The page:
“We have to be careful here to address real problems as opposed to imaginary ones,” he warned.
Pearson followed up these comments by complaining about the lack of collaboration, cooperation and deference shown to European authorities by US counterparts.
Without naming the CFTC specifically, he said that there have been times where European regulators have asked other regulators for information and, rather than being collaborative, they have instead been “quite obstreperous” and in some cases denied them information about activity that is occurring in European markets.
Pearson also explained that part of the EC’s CCP proposal stems from a desire to get prudential regulators and central banks – which have different powers and skill sets compared to market regulators – collaborating with the EC on CCP oversight.
He commented: “Nothing wrong with that. But it takes some pretty mature regulators to actually stand up and say: “Yeah, I want to share with the prudential regulators and central banks…Be an adult, have a discussion and ask yourself: is there something that these people and institutions can bring to us to help us regulate better?”
Further, although Giancarlo and Quintenz both talked about the need for regulatory deference in their keynote speeches at FIA, Pearson argued that Europe has been shown a distinct lack of this by the CFTC in the past. For example, he pointed out that when Gary Gensler was chairman of the CFTC, European regulators offered almost 100% deference to the rules proposed by the US.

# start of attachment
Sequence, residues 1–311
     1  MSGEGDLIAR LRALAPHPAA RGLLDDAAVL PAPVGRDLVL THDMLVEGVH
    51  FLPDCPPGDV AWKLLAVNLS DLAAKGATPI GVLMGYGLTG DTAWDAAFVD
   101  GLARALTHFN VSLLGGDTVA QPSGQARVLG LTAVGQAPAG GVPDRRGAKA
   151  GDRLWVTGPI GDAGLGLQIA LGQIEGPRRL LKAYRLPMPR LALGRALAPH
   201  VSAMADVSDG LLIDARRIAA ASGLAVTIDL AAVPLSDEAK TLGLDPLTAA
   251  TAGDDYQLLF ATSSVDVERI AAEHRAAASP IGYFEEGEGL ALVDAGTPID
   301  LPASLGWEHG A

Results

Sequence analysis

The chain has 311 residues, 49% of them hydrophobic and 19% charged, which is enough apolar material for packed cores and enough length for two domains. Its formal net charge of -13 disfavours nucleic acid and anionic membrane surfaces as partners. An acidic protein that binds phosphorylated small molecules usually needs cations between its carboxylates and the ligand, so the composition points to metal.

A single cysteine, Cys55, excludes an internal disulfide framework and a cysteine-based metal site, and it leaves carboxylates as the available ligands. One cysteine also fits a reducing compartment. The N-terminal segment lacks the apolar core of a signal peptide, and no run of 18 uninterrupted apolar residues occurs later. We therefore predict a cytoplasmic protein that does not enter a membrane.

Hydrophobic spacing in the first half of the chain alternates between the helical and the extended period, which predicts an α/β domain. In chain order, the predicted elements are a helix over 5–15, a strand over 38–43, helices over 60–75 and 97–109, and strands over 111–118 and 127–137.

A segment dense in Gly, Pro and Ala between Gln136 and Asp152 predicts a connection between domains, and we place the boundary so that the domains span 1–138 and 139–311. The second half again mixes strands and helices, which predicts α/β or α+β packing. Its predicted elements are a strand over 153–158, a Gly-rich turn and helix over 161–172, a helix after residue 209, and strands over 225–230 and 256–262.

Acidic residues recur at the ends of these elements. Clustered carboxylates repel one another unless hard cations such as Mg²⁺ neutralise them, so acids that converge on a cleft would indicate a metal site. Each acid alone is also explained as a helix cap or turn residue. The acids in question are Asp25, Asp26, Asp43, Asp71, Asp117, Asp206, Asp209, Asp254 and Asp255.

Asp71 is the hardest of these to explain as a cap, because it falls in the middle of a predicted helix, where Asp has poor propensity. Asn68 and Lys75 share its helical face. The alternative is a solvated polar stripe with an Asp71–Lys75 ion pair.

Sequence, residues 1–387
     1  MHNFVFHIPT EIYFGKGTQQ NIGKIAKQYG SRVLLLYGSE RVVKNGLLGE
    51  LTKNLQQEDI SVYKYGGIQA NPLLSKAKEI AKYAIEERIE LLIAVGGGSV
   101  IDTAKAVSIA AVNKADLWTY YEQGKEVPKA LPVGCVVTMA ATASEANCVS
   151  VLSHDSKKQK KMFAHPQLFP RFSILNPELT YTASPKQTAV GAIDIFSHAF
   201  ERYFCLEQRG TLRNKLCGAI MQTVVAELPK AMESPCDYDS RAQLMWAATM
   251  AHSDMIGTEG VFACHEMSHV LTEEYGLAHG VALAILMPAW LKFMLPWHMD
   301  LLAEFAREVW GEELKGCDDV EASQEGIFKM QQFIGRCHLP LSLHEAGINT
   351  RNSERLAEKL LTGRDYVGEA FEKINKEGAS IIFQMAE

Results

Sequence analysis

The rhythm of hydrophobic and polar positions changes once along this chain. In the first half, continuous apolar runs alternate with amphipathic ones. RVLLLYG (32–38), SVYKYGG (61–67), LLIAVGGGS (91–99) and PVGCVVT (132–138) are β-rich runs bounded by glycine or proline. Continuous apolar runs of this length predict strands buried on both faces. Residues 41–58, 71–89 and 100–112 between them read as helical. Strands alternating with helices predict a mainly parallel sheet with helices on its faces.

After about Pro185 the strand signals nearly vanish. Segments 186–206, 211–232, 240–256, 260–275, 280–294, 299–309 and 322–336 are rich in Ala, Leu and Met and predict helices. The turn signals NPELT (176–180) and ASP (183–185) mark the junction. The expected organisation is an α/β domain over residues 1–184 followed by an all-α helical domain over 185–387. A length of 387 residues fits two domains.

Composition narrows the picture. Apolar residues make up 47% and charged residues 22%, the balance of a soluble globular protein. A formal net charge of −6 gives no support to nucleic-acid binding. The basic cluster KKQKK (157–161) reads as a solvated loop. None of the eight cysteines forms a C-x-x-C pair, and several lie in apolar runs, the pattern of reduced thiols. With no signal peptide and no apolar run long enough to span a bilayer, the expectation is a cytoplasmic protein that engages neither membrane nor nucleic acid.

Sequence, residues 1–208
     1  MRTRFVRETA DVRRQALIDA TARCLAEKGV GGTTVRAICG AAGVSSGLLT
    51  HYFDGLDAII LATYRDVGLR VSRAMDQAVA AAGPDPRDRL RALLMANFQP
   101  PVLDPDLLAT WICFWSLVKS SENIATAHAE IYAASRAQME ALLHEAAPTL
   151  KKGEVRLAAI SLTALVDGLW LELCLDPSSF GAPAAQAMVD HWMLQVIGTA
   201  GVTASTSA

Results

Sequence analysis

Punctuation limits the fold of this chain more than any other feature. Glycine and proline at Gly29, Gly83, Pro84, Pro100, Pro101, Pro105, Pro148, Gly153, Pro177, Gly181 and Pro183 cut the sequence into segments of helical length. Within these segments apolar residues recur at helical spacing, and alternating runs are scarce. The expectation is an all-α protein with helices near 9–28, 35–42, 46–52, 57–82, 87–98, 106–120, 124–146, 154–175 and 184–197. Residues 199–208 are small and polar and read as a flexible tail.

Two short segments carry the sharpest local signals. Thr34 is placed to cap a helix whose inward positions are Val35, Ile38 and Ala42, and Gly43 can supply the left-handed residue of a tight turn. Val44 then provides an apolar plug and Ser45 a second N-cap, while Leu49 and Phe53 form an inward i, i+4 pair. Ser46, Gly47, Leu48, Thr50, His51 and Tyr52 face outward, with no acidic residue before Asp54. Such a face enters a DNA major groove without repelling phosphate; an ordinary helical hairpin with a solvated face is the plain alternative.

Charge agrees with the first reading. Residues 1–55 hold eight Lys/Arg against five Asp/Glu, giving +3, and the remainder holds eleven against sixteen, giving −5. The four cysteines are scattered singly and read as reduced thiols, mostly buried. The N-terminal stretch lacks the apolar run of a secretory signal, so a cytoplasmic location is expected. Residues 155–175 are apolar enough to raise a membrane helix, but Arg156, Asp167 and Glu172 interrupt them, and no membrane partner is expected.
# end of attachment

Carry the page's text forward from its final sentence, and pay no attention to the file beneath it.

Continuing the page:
“Do you know what we got back in Europe? Not 100%, not 90%, not even 70%, not 60%, not even 50%. We got back 45% deference from the United States CFTC,” said Pearson.
Amongst what was a fairly contentious session at the conference, Pearson did offer one glimmer of hope for the future of cross-border CCP regulation, namely that much of the current disagreements could stem from misunderstandings about the EC’s proposed legislation.
He said that he has seen or heard of comments from people in the US about how the legislation would authorise European regulators to fly to the US unannounced and inspect US firms to demand that they comply with EU rules, but that is simply not true.
“We look at our rules and we don’t see anything like that in there. We are interested to see how other regulators read our rules, maybe there is a lot that’s getting lost in translation and that’s really important. We don’t want confrontation, we don’t want polarisation. We want collaboration, that’s what makes regulations work,” said Pearson.